The Arkansas Arts Center put out a press release yesterday crowing about the fact that it has ended the first six months of the fiscal year in the black, and the board of directors' finance committee heard from the Arts Center Deputy Director of Operations Laine Harber that the center has $600,000 in the bank. "The need for caution is not eliminated," Harber said, but the news is good.
The unusual press release might have been a response to an article in November in the Democrat-Gazette that said the Arts Center's revenues weren't keeping up with its budget. The story had some Arts Center folks, sensitive to press about its delicate finances, in a tizzy.
They are tizzing no more, thanks to generous gifts in December (which ended $61,367 ahead of budget) and continued frugality at the Arts Center, which cut administrators pay last year by 7 percent, abandoned in-house marketing (saving the cost of three positions) and, Director Todd Herman said, asked its departments to do more with less. "We are starting to see a turnaround," Herman said.
Some of the $600,000 is restricted to upcoming exhibits, including the "Rembrandt, Van Dyck, Gainsborough: The Treasures of Kenwood House, London" show that will open June 7.
Arkansas board chair Chucki Bradbury said the report was the best "since Todd Herman arrived."
Still, the development budget of a little more than $1.8 million is only 45 percent of the way toward that figure at the half-way point in the year, due to the reallocation of donations to Tabriz sponsorships, expected gifts budgeted but not yet received, some decline in corporate giving, etc. Giving by individuals is ahead of the game however, at $356,715 toward its goal of $527,590. Tabriz is budgeted to gross $600,000 and net $350,000, of which $200,000 would go to operations and $150,000 to the Arts Center Foundation for art acquisitions. Tabriz dollars met those expectations in both 2009 and 2011.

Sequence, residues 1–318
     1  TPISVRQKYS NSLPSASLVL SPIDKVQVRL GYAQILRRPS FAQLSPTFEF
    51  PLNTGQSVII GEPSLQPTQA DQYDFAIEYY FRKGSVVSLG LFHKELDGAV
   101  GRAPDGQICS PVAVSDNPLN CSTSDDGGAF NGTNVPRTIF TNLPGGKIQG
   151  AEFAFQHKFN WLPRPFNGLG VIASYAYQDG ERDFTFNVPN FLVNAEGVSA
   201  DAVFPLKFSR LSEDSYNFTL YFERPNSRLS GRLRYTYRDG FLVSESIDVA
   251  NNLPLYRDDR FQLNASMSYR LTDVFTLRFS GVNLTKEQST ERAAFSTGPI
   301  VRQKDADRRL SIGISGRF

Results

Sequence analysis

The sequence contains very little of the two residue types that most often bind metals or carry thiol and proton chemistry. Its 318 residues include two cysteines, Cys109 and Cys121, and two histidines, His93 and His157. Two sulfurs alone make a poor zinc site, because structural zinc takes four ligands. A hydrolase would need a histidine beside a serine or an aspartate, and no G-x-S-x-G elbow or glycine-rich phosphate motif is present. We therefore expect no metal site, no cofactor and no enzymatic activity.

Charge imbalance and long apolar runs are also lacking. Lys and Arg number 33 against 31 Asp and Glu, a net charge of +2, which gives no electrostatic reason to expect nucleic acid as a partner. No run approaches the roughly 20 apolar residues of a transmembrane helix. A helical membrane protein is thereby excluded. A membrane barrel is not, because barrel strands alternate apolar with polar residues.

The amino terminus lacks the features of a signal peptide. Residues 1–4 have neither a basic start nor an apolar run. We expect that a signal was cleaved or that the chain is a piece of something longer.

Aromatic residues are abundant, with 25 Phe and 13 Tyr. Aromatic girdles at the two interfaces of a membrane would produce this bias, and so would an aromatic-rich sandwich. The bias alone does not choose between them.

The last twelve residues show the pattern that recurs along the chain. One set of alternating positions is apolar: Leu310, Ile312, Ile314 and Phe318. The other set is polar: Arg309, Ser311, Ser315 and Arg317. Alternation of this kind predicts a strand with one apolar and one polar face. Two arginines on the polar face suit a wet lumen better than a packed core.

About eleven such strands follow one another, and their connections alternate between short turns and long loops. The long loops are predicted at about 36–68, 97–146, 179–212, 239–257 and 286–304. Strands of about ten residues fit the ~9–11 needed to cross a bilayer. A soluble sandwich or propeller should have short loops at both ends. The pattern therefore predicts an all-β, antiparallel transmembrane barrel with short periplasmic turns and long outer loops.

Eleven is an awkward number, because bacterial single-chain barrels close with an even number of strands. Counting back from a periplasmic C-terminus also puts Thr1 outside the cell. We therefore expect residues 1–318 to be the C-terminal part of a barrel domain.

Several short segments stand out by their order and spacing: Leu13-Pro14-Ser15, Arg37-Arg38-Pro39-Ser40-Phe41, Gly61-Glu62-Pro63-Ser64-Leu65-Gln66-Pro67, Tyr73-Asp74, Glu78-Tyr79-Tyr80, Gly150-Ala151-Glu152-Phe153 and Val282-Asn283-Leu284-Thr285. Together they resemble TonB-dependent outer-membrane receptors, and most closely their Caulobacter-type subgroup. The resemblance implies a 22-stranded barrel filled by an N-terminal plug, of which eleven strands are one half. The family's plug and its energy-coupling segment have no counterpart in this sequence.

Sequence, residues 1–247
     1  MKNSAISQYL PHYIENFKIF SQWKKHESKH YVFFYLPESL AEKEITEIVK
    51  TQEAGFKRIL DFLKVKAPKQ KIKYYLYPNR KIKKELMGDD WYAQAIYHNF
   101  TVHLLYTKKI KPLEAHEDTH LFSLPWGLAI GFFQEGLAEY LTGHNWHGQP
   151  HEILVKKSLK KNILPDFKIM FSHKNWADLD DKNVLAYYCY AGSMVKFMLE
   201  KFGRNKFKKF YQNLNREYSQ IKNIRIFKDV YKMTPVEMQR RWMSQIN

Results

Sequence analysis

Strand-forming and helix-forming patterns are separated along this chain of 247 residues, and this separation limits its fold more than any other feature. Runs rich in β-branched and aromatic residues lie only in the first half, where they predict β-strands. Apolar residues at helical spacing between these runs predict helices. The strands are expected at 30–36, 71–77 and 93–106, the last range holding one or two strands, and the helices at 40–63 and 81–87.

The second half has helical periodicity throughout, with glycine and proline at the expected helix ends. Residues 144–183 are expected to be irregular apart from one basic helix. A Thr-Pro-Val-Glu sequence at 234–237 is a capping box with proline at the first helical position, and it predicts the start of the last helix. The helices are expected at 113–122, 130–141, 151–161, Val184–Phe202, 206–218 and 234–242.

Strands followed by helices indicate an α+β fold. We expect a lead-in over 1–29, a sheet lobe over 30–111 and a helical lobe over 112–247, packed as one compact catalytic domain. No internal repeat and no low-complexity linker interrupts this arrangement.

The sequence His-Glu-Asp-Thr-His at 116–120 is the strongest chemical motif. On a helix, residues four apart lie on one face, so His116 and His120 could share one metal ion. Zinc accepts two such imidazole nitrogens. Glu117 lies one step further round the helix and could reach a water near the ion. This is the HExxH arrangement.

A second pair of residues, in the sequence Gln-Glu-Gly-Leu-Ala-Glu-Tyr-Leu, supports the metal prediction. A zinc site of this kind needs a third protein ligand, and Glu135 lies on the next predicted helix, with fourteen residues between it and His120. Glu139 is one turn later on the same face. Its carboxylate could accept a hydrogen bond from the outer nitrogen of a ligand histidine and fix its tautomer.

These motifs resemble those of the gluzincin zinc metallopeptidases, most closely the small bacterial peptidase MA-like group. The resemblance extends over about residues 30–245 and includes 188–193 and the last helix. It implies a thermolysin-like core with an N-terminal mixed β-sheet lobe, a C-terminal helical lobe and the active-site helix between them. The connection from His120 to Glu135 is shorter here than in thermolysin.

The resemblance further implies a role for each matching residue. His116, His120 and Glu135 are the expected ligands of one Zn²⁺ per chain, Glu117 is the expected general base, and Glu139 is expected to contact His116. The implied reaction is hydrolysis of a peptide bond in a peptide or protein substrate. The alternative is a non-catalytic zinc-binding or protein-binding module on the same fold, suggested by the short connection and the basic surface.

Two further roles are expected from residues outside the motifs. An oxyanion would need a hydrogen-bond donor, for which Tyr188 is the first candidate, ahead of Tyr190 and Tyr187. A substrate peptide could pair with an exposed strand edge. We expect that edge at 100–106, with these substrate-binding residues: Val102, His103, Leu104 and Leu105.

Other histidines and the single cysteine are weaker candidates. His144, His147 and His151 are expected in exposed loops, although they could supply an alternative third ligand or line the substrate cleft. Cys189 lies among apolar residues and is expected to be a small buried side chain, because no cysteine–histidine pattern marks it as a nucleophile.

The board had another thing to brag about: A book on the artist Mark Rothko that includes a forward and introduction by Herman was named the sixth best art book of the year by the Huffington Post. The book, "Mark Rothko: The Decisive Decade 1940-1950," was written to accompany an exhibit that will originate at the Columbia Museum of Art, where Herman was director until his hiring here. (The show was organized by the Arkansas Art Center, the Columbia Museum of Art, the Columbus Museum of Art and the Denver Art Museum, in conjunction with the National Gallery of Art, Washington, and will come here in 2014.)
Herman's role is to set the stage for Rothko's movement into color as content, noting the artists who influenced him, including Titian, Max Weber and Milton Avery. Christopher Rothko, the artist's son; National Gallery curator Harry Cooper, Rothko expert David Anfram and Bradford Collins of the University of South Carolina write the following chapters. How could you not want this book? For more information about it, read here and here; to order from Amazon go here, or better yet, buy it at the Arts Center.